Jim Kweskin & Geoff Muldaur
Jiving at Bull Run in Shirley, Ma.
By: David Wilson - Nov 15, 2010
My GPS lied to me as I tried to find the Bull Run restaurant in Shirley, MA, where Geoff Muldaur and Jim Kweskin were performing together. When it, the GPS, said I was there, clearly I was not as there was nothing but darkness and trees for as far as I could see. Fortunately, I had plenty of time and it was not the first time my Mio had prevaricated. It constantly tells me I am home when I am still a half-mile away. I knew I had to be in the vicinity and continued looking for clues. Sure enough, a few minutes further along the road, lights and the unmistakable image of a bovine form perched high, told me I was there.
As is evident from the above, this was my first visit to this venue and I found it warm and welcoming. I introduced myself to host, George Tocci, and he led me to a large room filled with tables bracketed by a kitchen bar on one side and a small stage on the other.
I asked George if I might make my presence known to Jim and Geoff before the performance and he responded that he would check with them and let me know if they were available.
A few minutes later I was ushered into their below-stage room and was warmly welcomed by both. We caught up on 40 years of in-between as much as possible in the frenetic moments that always precede a show. I scooted back to my table, ordered from the menu, and sat back ready to hear what they had to offer these days.
Their program was quite different than I might have expected if I had thought to speculate beforehand. It was far more interesting and engrossing than I would have anticipated.
Both Jim and Jeff have always been students of the music they performed and the selection they proffered in their incarnation as the Kweskin Jug Band revealed only a narrow part of the body of work their interest embraced. This night we got a much broader view of that interest with annotations.
With the round of applause that erupted as Jim introduced his first song, with a mention that he had learned it from Peter Stampfel, it was clear that the audience was knowledgeable and enthusiastic and Jim launched into “Blues In The Bottle.”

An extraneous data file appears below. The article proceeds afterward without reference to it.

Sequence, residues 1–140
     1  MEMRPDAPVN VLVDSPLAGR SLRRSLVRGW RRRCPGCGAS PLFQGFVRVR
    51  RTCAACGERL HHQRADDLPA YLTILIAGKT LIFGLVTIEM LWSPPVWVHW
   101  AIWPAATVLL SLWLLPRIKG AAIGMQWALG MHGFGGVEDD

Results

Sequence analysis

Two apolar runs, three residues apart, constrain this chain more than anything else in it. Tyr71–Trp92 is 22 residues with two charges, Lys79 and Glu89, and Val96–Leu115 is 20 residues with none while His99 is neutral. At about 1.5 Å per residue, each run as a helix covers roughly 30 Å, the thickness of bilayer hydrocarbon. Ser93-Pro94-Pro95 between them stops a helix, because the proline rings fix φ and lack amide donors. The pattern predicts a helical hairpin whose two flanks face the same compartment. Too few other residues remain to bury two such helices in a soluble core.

Geoff followed with one of his signature renditions, Lonnie Johnson’s “Jelly Roll Blues” and we were all ensnared. Yes, the voices showed some wear and tear, moderated from what we once knew, but were as expressive as ever and the accompaniment by each of the other was the perfection that only comes with two musicians who know each other’s minds so well that it is second-nature.
The badinage was engaging. Jim was the serious lecturer, Geoff the provocateur and congenial but learned clown.
Together they paid tribute to Lonnie Johnson, Dock Boggs, Vera Hall and many times to Harry Smith’s seminal preservations of American root music on his Folkways recordings.
So eclectic was the variety that Jim went so far as to include, with great praise, a Richard Rodgers tune.
The audience, and yes, there might have been one or two not yet collecting social security, responded raucously to each offering and demanded, with a standing ovation, an encore.
A few minutes after the performance was over, Jim and Geoff returned to the room and a table stacked with their most recent recordings. They chatted genially with the crowd who had remained to personally offer up their appreciation for the night’s entertainment and that of decades past.
Chatting briefly with George Tocci on the way back to my truck, I asked him if the audience was local. He told me that he found them to be from as far away as CT, RI, NH and VT as well as widespread communities in MA.
I drove home thinking about how pleasant the evening had been, and savoring the memory of old friends and what had been the best hamburger and fries I have had in years.